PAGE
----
• Paired Evaluation: Preliminary Report from the Pilot Evaluation of the Paired App

      Gabb, J.; Aicken, C.; Di Martino, Salvatore; Witney, T. (The Open University/The University of Brighton, 2021-03)
      Romantic relationships are extremely important to people’s happiness and well-being, yet many people do not seek advice with relationship issues or may do so only once serious problems arise. Paired is a commercially available relationships app. Launched in October 2020, it currently has over 12,000 daily active users, predominantly in the US and UK. Public self-management of care (i.e. self-help) is target for technological investment, as digital health and well-being apps gain popularity. There are currently over 318,000 health apps available worldwide, with a further 200+ new health apps coming onto the market each day. Research has shown that mobile health (mHealth, i.e. health and well-being apps) can be effective in supporting behaviour change: helping us to adopt and maintain healthy behaviours. However, many health and well-being apps are not based on reliable research evidence, the only indication of an app’s quality deriving from ‘user reviews’. Paired is evidence-based. Focusing on the area of romantic relationships, it seeks to support and enhance couple relationships, before the point when professional help may be needed. Researchers at The Open University (OU) and the University of Brighton evaluated the effectiveness of Paired, using a mixed methods approach... We created the Quality of Relationship Index (QRI), a rigorously-developed measure of overall relationship quality. We found that quality of communication – the underpinning dimension of all relationship maintenance behaviour – was most strongly related to overall relationship quality... In developing the QRI, we explored change in different aspects of relationship quality, whilst using Paired... Integration of the findings from our analyses of different data sources, and the ‘dose-response’ effect that we consistently observed, together give us confidence that Paired is responsible for the improvements to relationship quality that its users enjoy.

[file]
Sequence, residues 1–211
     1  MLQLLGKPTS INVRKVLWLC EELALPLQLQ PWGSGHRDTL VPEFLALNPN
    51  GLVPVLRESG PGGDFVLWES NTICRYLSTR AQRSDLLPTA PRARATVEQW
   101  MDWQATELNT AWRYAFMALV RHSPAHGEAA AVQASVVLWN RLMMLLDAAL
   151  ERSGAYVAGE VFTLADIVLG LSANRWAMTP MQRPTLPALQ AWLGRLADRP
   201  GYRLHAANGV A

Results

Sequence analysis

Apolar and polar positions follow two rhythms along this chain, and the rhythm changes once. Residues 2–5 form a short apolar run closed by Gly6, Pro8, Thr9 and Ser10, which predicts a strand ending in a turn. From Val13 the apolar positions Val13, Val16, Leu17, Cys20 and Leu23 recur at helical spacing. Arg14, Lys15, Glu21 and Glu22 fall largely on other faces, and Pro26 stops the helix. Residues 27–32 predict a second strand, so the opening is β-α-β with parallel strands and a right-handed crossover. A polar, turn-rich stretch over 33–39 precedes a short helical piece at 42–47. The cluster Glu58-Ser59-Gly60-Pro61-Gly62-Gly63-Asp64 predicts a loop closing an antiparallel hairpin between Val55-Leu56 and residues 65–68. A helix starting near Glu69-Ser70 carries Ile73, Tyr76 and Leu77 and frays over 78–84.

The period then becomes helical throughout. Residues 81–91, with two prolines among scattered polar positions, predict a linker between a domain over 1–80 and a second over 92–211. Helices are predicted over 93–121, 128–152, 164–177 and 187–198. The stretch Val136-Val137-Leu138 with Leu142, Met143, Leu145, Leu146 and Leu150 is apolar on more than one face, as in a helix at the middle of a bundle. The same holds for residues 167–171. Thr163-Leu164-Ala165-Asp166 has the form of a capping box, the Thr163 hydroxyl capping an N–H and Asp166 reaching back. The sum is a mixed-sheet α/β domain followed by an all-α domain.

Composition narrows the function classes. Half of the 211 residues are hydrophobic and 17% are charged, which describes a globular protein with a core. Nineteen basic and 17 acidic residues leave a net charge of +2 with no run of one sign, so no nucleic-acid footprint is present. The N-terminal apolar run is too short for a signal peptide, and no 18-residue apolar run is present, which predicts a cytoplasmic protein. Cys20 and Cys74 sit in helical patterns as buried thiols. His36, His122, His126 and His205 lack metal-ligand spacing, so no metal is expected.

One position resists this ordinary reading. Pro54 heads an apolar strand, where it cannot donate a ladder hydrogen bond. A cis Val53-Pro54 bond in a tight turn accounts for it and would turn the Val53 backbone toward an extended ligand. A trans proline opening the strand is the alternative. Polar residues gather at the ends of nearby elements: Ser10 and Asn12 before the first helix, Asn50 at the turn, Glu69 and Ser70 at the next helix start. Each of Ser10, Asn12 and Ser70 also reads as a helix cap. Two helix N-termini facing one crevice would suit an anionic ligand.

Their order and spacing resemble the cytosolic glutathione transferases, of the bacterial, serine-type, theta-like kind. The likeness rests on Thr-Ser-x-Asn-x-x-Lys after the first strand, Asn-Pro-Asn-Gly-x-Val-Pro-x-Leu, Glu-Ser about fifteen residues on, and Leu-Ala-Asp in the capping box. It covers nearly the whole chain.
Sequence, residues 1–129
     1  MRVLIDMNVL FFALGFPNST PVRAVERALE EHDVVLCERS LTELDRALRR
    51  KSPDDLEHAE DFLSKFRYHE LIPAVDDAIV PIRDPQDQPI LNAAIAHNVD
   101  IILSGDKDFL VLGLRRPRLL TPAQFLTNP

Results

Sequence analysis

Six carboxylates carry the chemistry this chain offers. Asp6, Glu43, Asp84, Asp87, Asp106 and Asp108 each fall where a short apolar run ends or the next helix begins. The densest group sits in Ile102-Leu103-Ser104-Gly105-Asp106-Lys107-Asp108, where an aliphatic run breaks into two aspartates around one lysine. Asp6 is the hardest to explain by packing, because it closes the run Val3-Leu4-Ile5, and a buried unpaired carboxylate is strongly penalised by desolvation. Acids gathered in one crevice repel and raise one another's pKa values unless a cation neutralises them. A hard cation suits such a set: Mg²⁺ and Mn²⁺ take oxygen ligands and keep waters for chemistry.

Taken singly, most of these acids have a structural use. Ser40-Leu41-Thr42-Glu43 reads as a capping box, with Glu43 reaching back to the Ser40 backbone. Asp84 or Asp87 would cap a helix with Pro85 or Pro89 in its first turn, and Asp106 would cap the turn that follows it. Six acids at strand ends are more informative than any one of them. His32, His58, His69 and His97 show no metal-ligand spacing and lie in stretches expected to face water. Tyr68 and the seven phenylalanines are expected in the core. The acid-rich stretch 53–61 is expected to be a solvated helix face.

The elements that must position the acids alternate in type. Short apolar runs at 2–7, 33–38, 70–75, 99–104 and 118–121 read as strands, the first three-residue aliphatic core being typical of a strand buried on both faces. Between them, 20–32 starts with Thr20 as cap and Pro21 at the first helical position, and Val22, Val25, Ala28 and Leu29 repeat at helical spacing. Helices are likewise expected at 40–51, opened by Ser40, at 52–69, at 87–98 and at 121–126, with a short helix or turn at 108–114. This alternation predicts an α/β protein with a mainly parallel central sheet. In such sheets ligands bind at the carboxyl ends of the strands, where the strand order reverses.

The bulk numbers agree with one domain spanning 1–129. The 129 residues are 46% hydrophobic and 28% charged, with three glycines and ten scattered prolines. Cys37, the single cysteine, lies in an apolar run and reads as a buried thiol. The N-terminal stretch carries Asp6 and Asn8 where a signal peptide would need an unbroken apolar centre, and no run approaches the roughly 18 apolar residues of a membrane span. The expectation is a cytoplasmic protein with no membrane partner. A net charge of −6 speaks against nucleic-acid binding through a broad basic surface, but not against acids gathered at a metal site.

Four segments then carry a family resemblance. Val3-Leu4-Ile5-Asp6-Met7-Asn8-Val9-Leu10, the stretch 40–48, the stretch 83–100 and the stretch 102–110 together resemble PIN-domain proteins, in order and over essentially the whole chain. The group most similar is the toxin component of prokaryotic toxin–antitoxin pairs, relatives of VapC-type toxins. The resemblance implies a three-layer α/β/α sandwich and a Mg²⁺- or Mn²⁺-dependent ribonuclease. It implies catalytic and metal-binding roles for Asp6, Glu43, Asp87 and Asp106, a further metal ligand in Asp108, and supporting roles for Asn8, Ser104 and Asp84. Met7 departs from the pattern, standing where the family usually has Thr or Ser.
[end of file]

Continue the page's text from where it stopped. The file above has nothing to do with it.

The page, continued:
• Parameters of managerial effectiveness and development of third sector managers: An empirical study of HIV/AIDS NGO managers in India

      Kazi, Shehnaz; Analoui, Farhad (2019-10)